St. Luke’s closes deal on former Morrison Knudsen HQ

File photo.
The Washington Group Plaza campus near downtown Boise. File photo.

A joint venture including St. Luke’s Health System and a number of investors closed March 8 on the $86.5 million purchase of the four-building Washington Group Plaza complex originally built by Morrison Knudsen Corp,  a corporate giant that was acquired and relocated in 2007.

The 622,000-square-foot acquisition at Broadway and Front Street substantially expands St. Luke’s 1.1 million-square-foot campus on the east end of Boise’s downtown.

St. Luke’s has been angling to acquire the former MK/Washington Group property for a couple of years and has leased one of the structures, the six-story, 125,568-square-foot Plaza I building, since June 2015.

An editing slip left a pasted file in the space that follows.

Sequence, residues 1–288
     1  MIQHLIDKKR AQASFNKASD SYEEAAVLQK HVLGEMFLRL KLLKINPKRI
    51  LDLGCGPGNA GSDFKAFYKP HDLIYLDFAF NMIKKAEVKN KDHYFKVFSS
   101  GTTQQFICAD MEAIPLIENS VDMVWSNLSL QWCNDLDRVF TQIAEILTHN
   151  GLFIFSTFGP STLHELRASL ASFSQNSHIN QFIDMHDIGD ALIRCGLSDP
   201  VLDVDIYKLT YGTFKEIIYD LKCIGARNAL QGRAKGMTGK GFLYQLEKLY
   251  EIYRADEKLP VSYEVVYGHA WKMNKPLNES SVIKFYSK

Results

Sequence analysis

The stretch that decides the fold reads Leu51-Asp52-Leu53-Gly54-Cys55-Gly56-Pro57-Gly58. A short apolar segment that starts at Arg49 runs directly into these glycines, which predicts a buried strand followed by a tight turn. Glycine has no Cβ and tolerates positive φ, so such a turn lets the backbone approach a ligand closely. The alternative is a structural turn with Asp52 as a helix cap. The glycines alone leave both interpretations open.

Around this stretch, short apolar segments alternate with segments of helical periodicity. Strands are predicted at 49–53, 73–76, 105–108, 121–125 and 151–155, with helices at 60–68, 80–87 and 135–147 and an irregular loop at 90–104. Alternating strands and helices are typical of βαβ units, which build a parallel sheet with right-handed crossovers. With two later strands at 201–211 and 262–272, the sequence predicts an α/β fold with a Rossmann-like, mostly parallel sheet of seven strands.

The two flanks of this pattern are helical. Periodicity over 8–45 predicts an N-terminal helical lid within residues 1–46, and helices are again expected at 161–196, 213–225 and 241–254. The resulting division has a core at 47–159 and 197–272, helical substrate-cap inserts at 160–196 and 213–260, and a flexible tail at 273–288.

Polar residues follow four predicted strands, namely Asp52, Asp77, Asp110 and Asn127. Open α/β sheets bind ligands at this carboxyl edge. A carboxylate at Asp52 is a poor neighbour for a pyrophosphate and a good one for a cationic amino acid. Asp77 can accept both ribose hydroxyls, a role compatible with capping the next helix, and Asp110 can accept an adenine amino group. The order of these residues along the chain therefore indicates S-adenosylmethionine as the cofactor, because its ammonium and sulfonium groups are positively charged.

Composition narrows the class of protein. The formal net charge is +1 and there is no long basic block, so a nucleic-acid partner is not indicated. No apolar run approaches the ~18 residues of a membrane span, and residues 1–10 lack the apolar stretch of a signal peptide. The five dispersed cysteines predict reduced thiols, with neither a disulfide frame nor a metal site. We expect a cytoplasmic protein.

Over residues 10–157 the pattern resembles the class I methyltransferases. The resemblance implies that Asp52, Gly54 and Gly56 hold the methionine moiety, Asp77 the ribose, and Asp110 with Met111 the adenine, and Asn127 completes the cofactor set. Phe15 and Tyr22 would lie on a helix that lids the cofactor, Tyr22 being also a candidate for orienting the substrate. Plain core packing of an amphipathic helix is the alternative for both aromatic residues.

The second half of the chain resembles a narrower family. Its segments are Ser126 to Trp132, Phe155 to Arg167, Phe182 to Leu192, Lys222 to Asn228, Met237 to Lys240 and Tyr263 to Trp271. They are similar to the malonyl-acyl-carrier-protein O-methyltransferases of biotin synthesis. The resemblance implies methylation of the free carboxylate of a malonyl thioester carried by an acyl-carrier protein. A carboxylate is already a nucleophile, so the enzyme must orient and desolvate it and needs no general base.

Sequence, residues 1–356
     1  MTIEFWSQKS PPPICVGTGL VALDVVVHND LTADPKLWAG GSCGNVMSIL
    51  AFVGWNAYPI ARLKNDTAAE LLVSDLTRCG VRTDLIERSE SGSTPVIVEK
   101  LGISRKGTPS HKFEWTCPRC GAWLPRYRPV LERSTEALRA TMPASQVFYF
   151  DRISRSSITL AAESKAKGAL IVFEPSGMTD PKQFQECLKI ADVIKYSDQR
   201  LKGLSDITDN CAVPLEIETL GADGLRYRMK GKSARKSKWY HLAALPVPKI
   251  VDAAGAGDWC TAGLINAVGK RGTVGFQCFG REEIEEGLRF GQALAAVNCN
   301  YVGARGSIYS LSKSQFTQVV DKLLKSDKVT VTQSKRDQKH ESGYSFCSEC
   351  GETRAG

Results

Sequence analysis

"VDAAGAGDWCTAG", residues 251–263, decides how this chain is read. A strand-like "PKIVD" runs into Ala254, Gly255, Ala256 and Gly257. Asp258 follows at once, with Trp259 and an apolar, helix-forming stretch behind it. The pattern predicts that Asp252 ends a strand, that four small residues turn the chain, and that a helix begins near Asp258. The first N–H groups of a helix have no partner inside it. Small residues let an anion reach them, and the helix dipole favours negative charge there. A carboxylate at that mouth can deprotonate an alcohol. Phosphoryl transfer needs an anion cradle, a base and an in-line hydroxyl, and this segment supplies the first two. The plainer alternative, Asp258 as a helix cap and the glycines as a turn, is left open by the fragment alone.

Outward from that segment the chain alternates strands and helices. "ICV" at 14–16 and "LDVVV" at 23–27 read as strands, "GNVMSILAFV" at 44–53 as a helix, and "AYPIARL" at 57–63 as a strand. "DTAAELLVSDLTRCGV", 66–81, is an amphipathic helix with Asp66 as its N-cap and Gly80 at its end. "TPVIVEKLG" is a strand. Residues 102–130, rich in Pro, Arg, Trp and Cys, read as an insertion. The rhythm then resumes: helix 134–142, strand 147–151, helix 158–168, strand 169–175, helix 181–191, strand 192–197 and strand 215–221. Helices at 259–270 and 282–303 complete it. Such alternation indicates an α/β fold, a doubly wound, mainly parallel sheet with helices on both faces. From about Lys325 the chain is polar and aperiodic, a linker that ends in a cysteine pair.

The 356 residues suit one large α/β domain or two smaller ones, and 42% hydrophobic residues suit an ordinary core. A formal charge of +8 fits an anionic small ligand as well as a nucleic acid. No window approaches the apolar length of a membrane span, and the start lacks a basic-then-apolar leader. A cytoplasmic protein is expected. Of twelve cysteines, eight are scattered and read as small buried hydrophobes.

The largest hospital group in Idaho plans to occupy 120,000 additional square feet in portions of the Plaza II, Central Plaza and Plaza IV buildings by the end of the October, said Mary Cronin, St. Luke’s  senior director of operations.

Over the next six years, as existing tenants – particularly the state of Idaho – move out, St. Luke’s will occupy the entire complex where Broadway, Myrtle Street, Front Street and Park Boulevard all converge, she said.

St. Luke’s historic downtown St. Luke’s Regional Medical Center campus is just three blocks away with plans for a 700,000-square-foot expansion. St. Luke’s departments in buildings that are slated for demolition at the regional center will relocate to Washington Group Plaza, which will eventually be renamed.

The St. Luke’s billing team, administrative team support for outpatient services and scheduling & registration will be the first tenants moving into the newly acquired space. St. Luke’s human resources and Center for Learning and Development moved into Plaza I in July 2016.